this book is not recommended for -
those who dislike Michigan football.
Pure and simple, it is a book for the
Michigan fan.

The Sporting Views:
Atlanta chops again

By Jacob Wheeler
For the Daily
Want to know which teams will win
their respective pennants this year?
Look no further than Major League
Baseball's best pitchers. Atlanta's John
Smoltz and the Yankee's Andy Pettite
will lead their teams into mid-October
this fall, leaving Cleveland and all the
rest in the dust. Sorry, Albert Belle. The
Indians have lost too many veteran faces
to see the Fall Classic again soon. Gone
are Carlos Baerga, Eddie Murray and
Dennis Martinez.
The Yankees are the only team capa-
ble of beating Cleveland, and without
Seattle to stomp on pinstripe dreams,
Pettite will take New York to its first
World Series since 1981. The Mariners
upset the Yankees in a tight five-game,
first-round playoff series last year, but
without its "Big Unit" (Randy Johnson),
Seattle is doomed. That leaves Texas
running away with the American
League West. The White Sox will win
the wild card race over the Orioles by a
slim margin in the American League,
but it won't matter. The only race in the
junior circuit that matters will be settled
in the Bronx.
The reason New York will beat
Cleveland in the American League play-
off's first round this fall is simnle.

Tommy Lasorda. The weight of the
franchise is on the shoulders of catcher
Mike Piazza.
And that's always a scary risk.
San Diego is finally giving its fans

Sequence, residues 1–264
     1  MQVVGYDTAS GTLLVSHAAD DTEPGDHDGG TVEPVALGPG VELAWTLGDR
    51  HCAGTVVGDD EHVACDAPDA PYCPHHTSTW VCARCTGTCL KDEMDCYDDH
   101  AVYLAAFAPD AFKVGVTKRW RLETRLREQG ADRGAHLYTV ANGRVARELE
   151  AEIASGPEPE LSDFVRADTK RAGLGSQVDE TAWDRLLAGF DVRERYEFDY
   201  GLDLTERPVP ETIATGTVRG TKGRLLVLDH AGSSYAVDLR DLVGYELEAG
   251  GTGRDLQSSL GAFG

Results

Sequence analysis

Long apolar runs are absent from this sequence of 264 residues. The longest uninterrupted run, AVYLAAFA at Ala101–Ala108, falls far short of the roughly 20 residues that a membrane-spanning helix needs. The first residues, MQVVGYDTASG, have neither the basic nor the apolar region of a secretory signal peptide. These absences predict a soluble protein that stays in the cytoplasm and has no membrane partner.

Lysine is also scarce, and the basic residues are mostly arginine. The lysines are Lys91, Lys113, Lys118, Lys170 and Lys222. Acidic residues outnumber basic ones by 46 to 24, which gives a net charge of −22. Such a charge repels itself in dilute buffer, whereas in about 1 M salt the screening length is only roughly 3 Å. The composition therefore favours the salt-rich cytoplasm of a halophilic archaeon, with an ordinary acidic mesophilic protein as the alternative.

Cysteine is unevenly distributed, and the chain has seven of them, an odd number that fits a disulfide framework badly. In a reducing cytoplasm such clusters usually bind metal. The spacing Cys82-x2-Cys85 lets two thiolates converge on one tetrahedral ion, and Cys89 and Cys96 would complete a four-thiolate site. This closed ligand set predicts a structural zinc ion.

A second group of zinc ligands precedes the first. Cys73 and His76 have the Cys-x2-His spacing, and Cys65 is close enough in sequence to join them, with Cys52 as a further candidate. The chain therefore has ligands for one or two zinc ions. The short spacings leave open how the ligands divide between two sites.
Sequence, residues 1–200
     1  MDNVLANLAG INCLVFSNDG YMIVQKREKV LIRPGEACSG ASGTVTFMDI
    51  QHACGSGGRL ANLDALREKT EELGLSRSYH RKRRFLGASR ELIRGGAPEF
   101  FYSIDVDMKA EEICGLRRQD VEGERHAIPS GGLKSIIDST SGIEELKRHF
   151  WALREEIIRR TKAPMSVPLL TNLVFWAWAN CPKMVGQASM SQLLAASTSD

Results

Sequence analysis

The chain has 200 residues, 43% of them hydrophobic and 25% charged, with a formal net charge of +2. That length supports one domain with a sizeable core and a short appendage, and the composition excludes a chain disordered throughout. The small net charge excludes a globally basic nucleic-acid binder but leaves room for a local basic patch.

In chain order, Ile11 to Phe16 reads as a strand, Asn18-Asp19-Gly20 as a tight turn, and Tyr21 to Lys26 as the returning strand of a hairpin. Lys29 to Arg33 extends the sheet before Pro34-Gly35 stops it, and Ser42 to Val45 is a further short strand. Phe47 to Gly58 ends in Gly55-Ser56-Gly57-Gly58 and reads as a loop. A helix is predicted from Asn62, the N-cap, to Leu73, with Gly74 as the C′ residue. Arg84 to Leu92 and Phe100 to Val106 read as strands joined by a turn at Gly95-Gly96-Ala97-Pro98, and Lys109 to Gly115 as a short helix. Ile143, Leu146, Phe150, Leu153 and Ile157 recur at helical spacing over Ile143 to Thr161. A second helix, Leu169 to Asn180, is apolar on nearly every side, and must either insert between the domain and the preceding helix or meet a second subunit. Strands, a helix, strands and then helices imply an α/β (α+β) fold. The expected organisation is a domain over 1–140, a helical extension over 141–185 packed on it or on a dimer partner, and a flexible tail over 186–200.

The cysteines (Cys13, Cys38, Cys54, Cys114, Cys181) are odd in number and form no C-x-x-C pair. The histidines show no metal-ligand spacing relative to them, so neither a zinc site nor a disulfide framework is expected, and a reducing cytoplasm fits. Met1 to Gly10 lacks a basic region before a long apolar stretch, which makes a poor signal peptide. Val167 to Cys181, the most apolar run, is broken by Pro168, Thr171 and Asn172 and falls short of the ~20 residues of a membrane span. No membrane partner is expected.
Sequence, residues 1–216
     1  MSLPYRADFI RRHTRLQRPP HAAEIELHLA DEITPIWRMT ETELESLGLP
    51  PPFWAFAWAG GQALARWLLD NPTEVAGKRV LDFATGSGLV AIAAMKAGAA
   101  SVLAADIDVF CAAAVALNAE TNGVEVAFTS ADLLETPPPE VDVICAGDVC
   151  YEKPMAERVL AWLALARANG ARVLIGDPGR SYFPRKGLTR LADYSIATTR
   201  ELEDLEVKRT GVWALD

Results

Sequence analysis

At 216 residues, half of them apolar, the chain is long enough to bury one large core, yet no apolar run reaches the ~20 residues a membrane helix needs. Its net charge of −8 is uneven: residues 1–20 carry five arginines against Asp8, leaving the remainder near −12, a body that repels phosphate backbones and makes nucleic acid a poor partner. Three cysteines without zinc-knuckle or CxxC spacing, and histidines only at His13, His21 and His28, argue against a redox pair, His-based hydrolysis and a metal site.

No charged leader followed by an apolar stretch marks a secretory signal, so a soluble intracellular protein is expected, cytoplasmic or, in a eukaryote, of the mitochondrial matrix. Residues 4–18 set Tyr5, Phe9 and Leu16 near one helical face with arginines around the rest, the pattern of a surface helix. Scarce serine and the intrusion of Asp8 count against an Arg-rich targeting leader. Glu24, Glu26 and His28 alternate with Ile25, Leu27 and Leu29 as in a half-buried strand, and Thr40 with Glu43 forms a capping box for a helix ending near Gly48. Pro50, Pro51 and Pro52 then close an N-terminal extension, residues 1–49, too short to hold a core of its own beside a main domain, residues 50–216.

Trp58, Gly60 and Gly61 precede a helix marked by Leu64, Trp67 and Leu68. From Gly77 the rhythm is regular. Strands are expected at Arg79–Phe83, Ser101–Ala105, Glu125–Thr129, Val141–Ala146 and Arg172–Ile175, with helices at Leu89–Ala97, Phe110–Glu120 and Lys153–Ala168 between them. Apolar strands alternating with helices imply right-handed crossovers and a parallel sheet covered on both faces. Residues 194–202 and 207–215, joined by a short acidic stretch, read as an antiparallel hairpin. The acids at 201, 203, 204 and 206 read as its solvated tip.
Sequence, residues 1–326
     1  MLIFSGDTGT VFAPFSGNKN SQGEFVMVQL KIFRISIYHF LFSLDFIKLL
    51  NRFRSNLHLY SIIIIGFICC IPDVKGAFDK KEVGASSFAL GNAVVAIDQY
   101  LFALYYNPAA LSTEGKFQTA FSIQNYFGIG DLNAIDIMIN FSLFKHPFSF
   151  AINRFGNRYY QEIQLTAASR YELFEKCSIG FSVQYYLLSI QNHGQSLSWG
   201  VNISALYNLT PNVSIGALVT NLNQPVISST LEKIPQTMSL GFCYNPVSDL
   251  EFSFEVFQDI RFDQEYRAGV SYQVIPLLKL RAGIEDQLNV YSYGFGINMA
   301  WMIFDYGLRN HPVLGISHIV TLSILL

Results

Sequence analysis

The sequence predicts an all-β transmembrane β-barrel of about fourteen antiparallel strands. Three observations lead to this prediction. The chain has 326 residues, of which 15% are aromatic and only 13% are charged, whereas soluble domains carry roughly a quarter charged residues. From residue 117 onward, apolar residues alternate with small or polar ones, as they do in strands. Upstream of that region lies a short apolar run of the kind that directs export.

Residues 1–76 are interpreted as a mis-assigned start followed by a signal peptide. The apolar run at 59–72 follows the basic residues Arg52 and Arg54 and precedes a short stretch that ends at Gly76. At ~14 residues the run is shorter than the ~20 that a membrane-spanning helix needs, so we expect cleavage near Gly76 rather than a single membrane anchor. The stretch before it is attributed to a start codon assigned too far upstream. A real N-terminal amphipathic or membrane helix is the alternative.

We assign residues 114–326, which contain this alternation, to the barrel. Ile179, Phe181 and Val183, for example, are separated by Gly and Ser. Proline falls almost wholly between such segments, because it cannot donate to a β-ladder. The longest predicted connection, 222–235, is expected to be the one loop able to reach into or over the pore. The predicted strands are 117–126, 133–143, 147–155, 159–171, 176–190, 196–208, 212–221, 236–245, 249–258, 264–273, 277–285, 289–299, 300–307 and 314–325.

more than just 81 warm days in the sun.
Revitalized by their genius skipper,
the Cardinals have been chasing the NL
Central title all summer. Escaping from
a sunken Oakland ship, Tony Larussa
and pitching coach Dave Duncan have
breathed life into the Cardinals. Though
it isn't as deep as Houston, St. Louis
will find a way to win the division.
Montreal will grab the wild card and
probably meet the Braves in the
National League Championship Series.
But the Expos' season will end there.
A lack of commitment to winning on the
part of Expos' brain trust, and its stingy
pockets, have kept Montreal out of the
World Series. These tales of success are
heartwarming for the Padres, Astros and
Cardinals, but stories alone are not
potent enough to beat the Braves.
The Braves have shown their ability
to adapt to just about anything, in over-
coming injuries to key players like
David Justice and Jeff Blauser. Terry
Pendleton, a familiar face from pen-
nants past, and another host of rookies
have stepped up in their absence.
Through all the iniuries, Atlanta still

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- mon.-thurs.: 9:00a-10:00p
i fri. & sat.: 9:00a-11:00p

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MICH IGA N
" M M phone: 663.5800
1140 south university (above goodtime chadeys), AA

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The only reason I keep covering
Michigan is because I live here. I know,
it's not fair. But since I'm not your
vision of a hot recruit, I have no lease
car, and I can't get anywhere else.
The Wolverines are just lucky.
Lloyd Carr and Steve Fisher must
Je gotten the word. Caring so much
ut the University, and obviously
wanting each other's program to suc-
ceeo reports said they argued over
which team I would cover.
"YOU TAKE HIM!" Carr said.
"NO, GEE WHIZ, YOU TAKE
HIM!" Fisher renortedly renlied.